Review: ‘Venom’ needs less backstory, more action

The film could’ve changed the superhero genre but instead, added to the uproar of “superhero fatigue.”

Courtesy of Sony Pictures

“The film could’ve changed the superhero genre but instead, added to the uproar of “superhero fatigue.”

“Venom” the Marvel super-villain and sometimes anti-hero has finally gotten his own standalone film, but it wasn’t worth the wait.

Following the mediocre “Spider-Man 3” in 2007, Marvel fans have always wanted to see a comic book-accurate interpretation of the alien monster after Topher Grace massively disappointed Venom fans with his performance. Now with Tom Hardy as the titular character Eddie Brock, fans have finally received the portrayal they’ve been waiting for. But despite Hardy’s loyalty to the source material, Eddie Brock’s motivation and subsequent trust of a vile alien parasite that eats people’s heads makes little sense.

After getting fired from his job as an investigative reporter for attempting to besmirch the career of corrupt businessman Carlton Drake (Riz Ahmed), Eddie Brock loses everything he has (his career, his fiancé, his home) over the span of a day, and becomes the stereotypical down-on-his-luck protagonist who is behind on his taxes and lives in the poor part of town. He later gets contacted by the stereotypical turncoat scientist, Dora Skirth (Jenny Slate), who informs him of all of the malevolent experiments Drake is conducting.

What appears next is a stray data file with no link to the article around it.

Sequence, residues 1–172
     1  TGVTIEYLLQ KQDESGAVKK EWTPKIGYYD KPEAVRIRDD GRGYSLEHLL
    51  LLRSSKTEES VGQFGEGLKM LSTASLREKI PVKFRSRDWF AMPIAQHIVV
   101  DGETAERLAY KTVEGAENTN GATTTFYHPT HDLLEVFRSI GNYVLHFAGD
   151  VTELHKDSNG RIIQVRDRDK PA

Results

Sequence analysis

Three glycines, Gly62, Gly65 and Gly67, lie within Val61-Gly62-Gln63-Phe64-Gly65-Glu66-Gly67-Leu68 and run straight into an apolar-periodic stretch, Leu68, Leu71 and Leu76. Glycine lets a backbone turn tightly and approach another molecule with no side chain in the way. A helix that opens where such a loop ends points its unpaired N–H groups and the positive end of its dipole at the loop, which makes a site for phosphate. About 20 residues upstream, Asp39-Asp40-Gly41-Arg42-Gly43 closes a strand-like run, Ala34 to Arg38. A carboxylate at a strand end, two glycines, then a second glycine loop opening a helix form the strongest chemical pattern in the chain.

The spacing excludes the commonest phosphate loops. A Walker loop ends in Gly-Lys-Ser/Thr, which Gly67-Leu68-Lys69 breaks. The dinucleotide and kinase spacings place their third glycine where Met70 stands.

This whole sequence of Brock ruining his career and learning Drake’s plans takes up more than an hour of the movie with a few cutaways to random people we haven’t seen before who have been infected with an evil alien symbiote. The movie would benefit greatly if the whole first act was cut down to about 20 minutes instead of an hour as many scenes seem to drag way too long and bore audiences who came to see Venom, not Eddie Brock.

The story overall is nothing superhero fans haven’t seen before. Venom in the end, has to fight Riot, another version of himself whom he must fight to the death in an over-the-top final battle sequence prevalent in many superhero movies (“Iron Man,” “Ant-Man,” “The Incredible Hulk,” “Black Panther,” “Man of Steel”).

Tom Hardy as usual gives an excellent performance and surprisingly has great chemistry with the Venom symbiote. Brock and the Suit’s conversations with each other are some of the best aspects of the film. The scenes (although few) of Venom actually acting as Venom really redeem the some of the film’s vaults. The action when Venom is in the full black suit is utterly gruesome and astounding as he proceeds to crush people to the ground and eat their faces.

Overall, the film is utterly average which is probably worse (entertainment-wise) than being a horrible film. In the comics, Venom’s primary goal in life is to kill Spider-Man whose absence is felt drastically. If this film was taken from the perspective of an actual villainous Venom instead of being an anti-hero, the film could’ve changed the superhero genre.

Instead, “Venom” just adds to the uproar of “superhero fatigue.”


Rating: C-